Tag Archives: divorce finances

Misrepresenting Financial Status During a Divorce Can Be Disastrous

financial, DuPage County divorce attorneysWhen we think of divorce, many of us initially only consider the personal and romantic relationship which is coming to an end. However, divorce is not only the end of a romantic partnership, but also a financial relationship. Finances are usually merged when two people get married and move in together. Divorcing couples who cannot agree on how to split their accumulated assets will have that decision made for them by the court system.

Hiding Assets or Lying About Finances Will Only Drag Out Your Divorce

In order to make decisions about things like child support, spousal maintenance and property division, courts use each divorcing party’s self-reported financial information. For example, when a judge needs to decide how much spousal maintenance a person must pay to their ex, he or she will consider things such as each person’s income and future employability. Sometimes, in order to game the system, a spouse will lie about how much money they make or what their debts are. Doing this can significantly delay and complicate the divorce process. In order for a divorce to go smoothly, both spouses must be willing to be honest regarding their finances.

Ways a Spouse May Attempt to Defraud

It can be more difficult than you might imagine to spot someone lying about their finances during a divorce. Some married couples are very secretive about their assets and property, so a spouse suspicious of the other may not even know where to look to find clues of deception. There are many different tactics a person can use to misrepresent their financial status. A divorcing spouse attempting to deceive the court regarding their assets may

  • Hide antiques, jewelry, fine art, or other valuables at someone else’s house;
  • Take out cash from bank account(s) and put it in an unknown deposit box;
  • Make unusually large purchases;
  • Sign deeds to real estate over to another person;
  • Exaggerate debts;
  • Falsify self-owned business ledgers;
  • Underreport employee benefits such as retirement accounts or stock options;
  • Pay the Internal Revenue Service (IRS) more than they are due; and
  • Make copious cash withdrawals on credit or debit cards.

Negative Consequences for Those Who Hide Assets

If a person gets caught lying about his or her finances during a divorce, they are at the mercy of the judge assigned to their case. A judge may order a deceitful spouse to pay penalties, or sanctions in order to compensate for his or her wrongdoing. Furthermore, the judge may force the lying spouse to relinquish remaining assets to his or her spouse or pay more in spousal maintenance. A person who continually lies or attempts to deceive the court during a divorce case can be charged with contempt and even arrested.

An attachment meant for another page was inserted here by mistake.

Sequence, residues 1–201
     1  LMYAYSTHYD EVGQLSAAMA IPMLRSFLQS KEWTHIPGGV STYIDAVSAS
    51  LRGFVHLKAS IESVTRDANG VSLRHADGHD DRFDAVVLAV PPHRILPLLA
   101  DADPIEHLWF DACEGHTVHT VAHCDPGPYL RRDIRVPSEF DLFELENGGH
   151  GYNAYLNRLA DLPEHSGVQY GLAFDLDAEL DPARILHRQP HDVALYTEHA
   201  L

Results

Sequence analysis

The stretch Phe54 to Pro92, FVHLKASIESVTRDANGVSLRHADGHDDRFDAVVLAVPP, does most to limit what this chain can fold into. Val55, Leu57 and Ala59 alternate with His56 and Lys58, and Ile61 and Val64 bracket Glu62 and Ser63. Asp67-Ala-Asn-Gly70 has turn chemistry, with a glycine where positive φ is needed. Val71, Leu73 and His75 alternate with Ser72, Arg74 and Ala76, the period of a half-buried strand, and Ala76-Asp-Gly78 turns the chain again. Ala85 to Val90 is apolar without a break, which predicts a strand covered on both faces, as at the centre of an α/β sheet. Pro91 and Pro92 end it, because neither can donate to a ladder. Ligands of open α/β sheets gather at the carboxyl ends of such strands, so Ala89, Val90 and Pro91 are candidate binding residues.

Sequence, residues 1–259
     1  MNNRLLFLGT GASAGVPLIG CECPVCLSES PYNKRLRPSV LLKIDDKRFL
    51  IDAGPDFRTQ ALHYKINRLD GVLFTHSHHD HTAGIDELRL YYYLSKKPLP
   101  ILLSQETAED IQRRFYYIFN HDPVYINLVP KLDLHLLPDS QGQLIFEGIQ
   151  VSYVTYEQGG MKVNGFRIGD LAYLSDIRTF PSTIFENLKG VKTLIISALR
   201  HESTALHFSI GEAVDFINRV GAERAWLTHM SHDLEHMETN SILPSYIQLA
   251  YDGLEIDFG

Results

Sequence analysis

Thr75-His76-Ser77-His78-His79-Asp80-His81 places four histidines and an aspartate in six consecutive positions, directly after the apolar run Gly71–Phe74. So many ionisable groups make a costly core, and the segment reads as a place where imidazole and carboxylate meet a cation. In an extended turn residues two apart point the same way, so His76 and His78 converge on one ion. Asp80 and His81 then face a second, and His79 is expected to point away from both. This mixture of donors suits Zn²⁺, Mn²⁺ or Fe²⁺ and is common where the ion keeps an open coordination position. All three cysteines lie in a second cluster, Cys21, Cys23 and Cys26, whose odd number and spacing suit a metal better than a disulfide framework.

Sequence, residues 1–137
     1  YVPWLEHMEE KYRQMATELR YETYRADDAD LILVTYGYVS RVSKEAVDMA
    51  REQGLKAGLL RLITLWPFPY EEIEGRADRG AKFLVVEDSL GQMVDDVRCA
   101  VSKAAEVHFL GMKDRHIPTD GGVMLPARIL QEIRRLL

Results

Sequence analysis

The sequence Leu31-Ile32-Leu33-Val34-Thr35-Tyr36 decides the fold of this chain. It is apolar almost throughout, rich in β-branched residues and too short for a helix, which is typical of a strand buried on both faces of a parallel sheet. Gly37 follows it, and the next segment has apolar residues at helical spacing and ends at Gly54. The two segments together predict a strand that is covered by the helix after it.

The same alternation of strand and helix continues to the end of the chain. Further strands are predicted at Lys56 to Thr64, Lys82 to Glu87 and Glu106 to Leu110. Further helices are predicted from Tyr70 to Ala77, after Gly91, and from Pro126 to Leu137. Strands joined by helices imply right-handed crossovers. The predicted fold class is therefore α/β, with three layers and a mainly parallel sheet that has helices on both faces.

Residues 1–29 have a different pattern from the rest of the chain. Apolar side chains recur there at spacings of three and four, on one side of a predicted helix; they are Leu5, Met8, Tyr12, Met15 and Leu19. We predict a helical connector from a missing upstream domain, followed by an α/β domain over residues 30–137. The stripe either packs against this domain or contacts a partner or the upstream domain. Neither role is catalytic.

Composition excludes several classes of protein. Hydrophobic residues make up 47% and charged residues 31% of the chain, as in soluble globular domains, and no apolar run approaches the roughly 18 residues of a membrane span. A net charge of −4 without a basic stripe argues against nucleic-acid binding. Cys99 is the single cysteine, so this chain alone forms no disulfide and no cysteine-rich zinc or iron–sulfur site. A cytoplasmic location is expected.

Considering Divorce? Let Us Help

If you are planning to divorce your spouse or you have further questions about hidden assets, reach out to the experienced Wheaton divorce attorneys at the Andrew Cores Family Law Group. To schedule a free, confidential consultation call 630-871-1002 today.





When Divorce and Bankruptcy Meet

bankruptcy, Wheaton divorce lawyersSometimes, things simply go bad. It is thankfully rare, but it is not unheard of that someone would have to file for bankruptcy and divorce at the same time. If this happens to you, you may question whether or not to file for both at the same time, or if not, which matter to pursue first. Illinois divorce laws and bankruptcy laws make the answer to that question fairly clear.

Which to File First?

Illinois divorce law and bankruptcy law essentially make filing both petitions at the same time impossible. When you file for bankruptcy, you generally hand over your assets to the care of a bankruptcy trustee for sale or disposition as necessary to pay off your creditors. Once you have commenced a bankruptcy filing, you may not make unilateral decisions about your property. Technically it is no longer yours. Thus, there is nothing for a family court judge to divide.

Though you are not generally able to file both bankruptcy and divorce petitions at the same time, the question of which order you ought to file them in is up to the individual. In most situations, it is recommended to file for bankruptcy before divorce, especially if you get along well with your spouse. The reasons are straightforward in that if you file for divorce first, property division will almost certainly give you new assets, which will then almost certainly be sold to pay your existing debts. Therefor, filing for divorce before a bankruptcy filing can put you at a significant disadvantage.